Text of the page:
Global Citizenship Week

The CIE Misses Diversity Abroad

As part of Global Citizenship week, the Center for International Education typically invites a representative from Diversity Abroad to give a presentation. This year, the presentation scheduled for Thursday, September 26 at 3 P.M. got cancelled.

They scheduled this presentation to take place an hour after the study abroad fair because it is a critical second-half to their mission. Many students already want to go abroad, but if you are a first-generation student, from a family with a low income, or a minority, you may not know how to go about doing it.  

Diversity Abroad is a great organization that provides a range of services. They want to educate students from diverse backgrounds about how they cannot only go abroad but how they can achieve a successful study abroad experience.

In the past, the presentations have taken place in the Center for International Education and have been helpful on various levels. The presenters spent a lot of time talking about how to receive grants, scholarships, manage finances, and things of that sort. They also discussed social adjustments. It may be difficult for students from diverse backgrounds to study abroad because, in many cases, the rest of the world perceives “Americans” to be caucasians.After all, the leading demographic of American students studying abroad is upper middle-class white women with humanities majors.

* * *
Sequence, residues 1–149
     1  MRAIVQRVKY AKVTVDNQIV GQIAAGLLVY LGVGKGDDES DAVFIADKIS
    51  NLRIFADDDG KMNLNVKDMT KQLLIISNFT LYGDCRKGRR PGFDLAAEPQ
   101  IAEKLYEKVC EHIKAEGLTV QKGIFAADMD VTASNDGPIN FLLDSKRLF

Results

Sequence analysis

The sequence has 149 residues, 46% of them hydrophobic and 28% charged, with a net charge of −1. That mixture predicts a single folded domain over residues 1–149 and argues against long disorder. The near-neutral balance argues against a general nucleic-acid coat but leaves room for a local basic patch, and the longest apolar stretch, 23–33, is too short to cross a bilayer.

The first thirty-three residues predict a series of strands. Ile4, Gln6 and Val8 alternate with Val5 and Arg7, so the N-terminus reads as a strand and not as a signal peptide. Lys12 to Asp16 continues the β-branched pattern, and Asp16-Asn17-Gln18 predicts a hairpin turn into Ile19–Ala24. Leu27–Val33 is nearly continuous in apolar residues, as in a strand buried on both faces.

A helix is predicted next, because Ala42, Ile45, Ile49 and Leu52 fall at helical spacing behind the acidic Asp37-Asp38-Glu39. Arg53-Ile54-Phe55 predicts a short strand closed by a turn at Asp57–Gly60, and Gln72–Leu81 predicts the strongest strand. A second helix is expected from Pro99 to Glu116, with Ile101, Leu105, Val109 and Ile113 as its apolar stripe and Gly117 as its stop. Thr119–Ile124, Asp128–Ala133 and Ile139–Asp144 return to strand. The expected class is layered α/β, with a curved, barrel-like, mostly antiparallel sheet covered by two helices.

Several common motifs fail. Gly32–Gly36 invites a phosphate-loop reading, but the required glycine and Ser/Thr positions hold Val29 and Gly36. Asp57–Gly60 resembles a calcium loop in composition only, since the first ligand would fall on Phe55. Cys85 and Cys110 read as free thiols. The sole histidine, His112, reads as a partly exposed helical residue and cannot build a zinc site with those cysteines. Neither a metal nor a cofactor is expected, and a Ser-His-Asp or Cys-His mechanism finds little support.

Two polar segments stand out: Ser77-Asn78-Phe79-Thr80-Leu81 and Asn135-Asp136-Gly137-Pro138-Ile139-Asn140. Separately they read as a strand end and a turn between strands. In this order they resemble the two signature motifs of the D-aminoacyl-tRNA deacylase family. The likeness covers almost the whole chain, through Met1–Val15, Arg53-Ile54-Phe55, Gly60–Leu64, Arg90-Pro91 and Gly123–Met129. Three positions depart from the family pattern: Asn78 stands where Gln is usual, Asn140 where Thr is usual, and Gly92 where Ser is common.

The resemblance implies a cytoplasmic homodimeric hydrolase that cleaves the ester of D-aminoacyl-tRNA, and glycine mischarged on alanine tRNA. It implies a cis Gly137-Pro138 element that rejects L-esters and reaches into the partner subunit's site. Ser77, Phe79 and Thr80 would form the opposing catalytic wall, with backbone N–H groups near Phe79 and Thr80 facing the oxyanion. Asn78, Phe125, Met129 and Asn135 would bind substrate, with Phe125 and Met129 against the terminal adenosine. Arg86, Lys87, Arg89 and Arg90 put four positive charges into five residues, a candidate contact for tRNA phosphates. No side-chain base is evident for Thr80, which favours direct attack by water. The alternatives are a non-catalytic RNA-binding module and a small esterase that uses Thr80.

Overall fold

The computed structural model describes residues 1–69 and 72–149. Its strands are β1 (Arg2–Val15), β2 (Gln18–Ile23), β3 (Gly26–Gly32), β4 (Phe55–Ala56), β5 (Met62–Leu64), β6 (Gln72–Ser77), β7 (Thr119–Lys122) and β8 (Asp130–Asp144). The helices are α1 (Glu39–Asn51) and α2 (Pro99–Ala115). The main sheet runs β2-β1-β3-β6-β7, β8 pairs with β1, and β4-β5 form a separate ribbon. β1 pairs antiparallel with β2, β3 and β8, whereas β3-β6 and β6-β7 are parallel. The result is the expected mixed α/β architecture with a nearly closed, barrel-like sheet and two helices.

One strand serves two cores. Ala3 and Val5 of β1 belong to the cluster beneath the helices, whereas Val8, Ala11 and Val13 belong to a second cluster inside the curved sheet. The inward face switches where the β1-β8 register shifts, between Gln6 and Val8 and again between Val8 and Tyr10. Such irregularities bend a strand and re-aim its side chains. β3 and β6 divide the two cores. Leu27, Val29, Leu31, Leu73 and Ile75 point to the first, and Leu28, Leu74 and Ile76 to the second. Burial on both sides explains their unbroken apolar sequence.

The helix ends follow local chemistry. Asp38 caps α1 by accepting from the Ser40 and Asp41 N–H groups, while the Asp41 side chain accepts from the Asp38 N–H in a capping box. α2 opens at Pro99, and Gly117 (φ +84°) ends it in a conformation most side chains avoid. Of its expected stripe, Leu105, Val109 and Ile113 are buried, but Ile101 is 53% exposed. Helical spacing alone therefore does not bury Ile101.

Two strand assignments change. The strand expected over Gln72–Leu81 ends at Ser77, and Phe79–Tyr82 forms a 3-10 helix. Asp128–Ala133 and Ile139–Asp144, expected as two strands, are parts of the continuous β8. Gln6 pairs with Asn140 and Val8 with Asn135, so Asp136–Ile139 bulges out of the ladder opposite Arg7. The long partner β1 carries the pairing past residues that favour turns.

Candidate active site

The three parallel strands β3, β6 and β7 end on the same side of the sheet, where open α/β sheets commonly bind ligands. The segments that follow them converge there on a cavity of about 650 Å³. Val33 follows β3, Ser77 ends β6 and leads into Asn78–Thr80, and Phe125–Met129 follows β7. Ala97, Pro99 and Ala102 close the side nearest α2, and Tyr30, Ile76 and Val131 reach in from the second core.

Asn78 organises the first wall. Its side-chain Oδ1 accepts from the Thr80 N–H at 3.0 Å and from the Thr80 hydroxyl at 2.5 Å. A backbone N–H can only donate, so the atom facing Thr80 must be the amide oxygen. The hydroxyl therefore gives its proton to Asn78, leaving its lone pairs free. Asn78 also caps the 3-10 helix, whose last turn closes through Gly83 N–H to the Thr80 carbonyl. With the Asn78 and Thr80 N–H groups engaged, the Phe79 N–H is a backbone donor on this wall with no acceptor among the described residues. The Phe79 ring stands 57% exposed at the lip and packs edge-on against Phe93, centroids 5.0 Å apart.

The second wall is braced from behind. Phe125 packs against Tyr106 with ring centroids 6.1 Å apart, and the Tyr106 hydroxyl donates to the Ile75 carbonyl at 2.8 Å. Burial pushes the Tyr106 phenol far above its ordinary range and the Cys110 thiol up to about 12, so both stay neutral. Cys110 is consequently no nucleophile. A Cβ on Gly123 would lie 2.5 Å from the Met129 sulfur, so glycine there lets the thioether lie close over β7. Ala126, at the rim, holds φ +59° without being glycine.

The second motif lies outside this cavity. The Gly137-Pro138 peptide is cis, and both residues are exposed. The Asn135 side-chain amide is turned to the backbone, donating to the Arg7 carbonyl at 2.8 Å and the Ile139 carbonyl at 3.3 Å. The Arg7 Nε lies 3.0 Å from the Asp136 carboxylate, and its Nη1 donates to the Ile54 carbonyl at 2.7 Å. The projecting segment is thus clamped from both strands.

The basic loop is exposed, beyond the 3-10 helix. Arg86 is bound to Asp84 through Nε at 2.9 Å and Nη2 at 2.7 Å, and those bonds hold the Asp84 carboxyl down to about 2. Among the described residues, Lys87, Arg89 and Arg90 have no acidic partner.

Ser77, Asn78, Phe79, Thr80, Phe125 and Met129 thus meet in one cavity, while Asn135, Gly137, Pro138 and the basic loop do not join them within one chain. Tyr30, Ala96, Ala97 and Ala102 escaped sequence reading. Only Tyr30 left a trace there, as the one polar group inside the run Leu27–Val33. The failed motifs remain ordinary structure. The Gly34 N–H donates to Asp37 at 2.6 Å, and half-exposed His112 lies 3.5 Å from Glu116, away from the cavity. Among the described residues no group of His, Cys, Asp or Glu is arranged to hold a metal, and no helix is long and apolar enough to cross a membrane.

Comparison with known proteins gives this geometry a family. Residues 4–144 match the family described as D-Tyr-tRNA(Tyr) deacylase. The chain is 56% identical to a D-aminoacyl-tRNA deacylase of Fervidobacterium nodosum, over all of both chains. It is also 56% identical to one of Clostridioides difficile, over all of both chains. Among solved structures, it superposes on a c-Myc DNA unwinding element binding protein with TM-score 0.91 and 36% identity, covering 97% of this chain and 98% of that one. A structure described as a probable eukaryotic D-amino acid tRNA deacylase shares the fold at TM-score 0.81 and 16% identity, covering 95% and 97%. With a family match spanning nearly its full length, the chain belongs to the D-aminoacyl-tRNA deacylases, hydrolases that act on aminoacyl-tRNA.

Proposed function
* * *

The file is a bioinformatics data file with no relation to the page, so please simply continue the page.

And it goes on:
If you are a student from a diverse background, if you don’t have a humanities major, or if you come from a low-income background, you might not think that you are the “studying-abroad” type. This simply is not the case.

The CIE knows that this is completely false. Anyone under the sun can benefit from experiencing another culture. The Diversity Abroad organization provides the tools that help the CIE improve your chances of having a great study abroad experience.

Though the meeting was cancelled, Diversity Abroad is an organization that everyone should know. So, here’s a tip: much of the important information a presenter would give you is on their website at

The website has stories from students with diverse backgrounds, talking about what they learned, how they grew, how they used their study abroad experience in their resume, and much more. The website also offers tools to help you upload your resume to “exclusive career resources and events,” connect with the Diversity Abroad community, and even match with scholarships.

Something they might tell you, for instance, is that earning scholarships to go abroad is not as difficult or selective as you might think. Hundreds of students each year don’t even apply to scholarships even though they are qualified.

          The presenters would emphasize this as much as they could because they know that funding is the number-one barrier for students from diverse backgrounds. They would also take time to discuss other concerns like encountering prejudices, staying in-touch with family, and even simple things like where to find haircare products for natural hair in other countries.

The CIE is currently searching for another time to hold the presentation, but the Diversity Abroad website is always available, and the CIE can still answer several of your questions.